classification
Title: socket methods with timeout take very slow path on Windows
Type: performance Stage: needs patch
Components: Library (Lib), Windows Versions: Python 3.10, Python 3.9, Python 3.8
process
Status: open Resolution:
Dependencies: Superseder:
Assigned To: Nosy List: paul.moore, steve.dower, tim.golden, zach.ware
Priority: normal Keywords:

Created on 2020-09-17 20:25 by steve.dower, last changed 2020-09-17 20:25 by steve.dower.

Messages (1)
msg377065 - (view) Author: Steve Dower (steve.dower) * (Python committer) Date: 2020-09-17 20:25
When a socket object has a non-zero timeout, all send/recv/etc. calls are preceded by a select() call before making the actual call. If there is no timeout, the select call is skipped.

It appears that on Windows, select() will block until the previous operation has completed, even if the next one would reliably succeed. For example, http.client uses a default blocksize of 8192 bytes (which is _really_ small for 2020, but probably not for 2002 when it was set - can we just increase it?), which will break up a stream into many little chunks.

With no timeout set: send() is called repeatedly and Windows buffers blocks internally, resulting in the actual sends being bigger (as seen with a network trace - they'd range from 8KB-50KB).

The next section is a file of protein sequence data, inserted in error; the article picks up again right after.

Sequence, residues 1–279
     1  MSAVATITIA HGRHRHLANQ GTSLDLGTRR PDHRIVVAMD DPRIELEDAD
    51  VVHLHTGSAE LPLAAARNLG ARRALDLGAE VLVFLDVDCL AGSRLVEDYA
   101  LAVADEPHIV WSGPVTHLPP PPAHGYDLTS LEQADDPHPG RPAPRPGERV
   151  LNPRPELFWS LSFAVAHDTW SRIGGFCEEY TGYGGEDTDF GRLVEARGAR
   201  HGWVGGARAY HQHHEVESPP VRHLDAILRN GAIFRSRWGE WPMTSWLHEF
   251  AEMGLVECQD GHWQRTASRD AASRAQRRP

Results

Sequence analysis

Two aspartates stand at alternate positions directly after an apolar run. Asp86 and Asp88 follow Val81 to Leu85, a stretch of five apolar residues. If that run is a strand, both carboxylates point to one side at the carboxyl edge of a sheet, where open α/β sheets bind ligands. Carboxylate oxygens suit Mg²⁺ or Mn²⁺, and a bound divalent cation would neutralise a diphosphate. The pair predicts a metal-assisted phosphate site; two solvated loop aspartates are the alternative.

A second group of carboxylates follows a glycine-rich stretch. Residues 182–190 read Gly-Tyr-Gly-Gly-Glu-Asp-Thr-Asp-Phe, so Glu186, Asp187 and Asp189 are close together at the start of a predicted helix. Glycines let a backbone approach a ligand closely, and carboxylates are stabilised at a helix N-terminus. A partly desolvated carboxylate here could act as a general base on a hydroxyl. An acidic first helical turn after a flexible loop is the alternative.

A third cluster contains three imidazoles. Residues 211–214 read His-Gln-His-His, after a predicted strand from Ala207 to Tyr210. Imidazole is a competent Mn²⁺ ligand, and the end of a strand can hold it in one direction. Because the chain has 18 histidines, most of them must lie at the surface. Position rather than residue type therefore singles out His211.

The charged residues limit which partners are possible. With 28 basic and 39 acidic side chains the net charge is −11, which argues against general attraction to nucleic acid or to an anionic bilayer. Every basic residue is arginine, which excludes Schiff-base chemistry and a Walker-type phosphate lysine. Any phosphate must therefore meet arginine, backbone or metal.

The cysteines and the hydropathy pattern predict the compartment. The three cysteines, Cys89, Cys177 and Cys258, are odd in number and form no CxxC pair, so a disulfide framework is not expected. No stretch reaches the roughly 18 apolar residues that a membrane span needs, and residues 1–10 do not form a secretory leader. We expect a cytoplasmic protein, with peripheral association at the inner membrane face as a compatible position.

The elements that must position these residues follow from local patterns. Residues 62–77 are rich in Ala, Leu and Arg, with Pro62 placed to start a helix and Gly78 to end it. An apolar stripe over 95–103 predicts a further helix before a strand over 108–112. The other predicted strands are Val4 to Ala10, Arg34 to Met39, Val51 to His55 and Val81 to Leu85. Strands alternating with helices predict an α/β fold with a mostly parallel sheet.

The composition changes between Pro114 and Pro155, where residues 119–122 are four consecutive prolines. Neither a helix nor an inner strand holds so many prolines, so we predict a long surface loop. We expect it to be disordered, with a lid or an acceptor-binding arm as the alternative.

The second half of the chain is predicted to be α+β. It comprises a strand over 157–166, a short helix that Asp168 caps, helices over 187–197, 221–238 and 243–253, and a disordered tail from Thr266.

With a timeout set: select() is called and waits for the previous send() to complete, then calls the next send(). This results in every single send being exactly 8KB.

This latter case also results in every operation becoming essentially synchronous, instead of picking up some implied parallelism in the OS and network driver. (Yes, increasing the block size in the above example also helps, but doesn't prevent the issue in the first place, nor does it help with other cases.)

Has anyone ever looked into alternate ways to have the timeout work here? Such as SO_SNDTIMEO? I don't want to force through a full redesign here, but getting the select() call out of the main path here seems like an easy win.

Would anyone like to take a look? I'm happy to help mentor someone through a patch (as long as you're familiar with networking/sockets already).
History
Date User Action Args
2020-09-17 20:25:37steve.dowercreate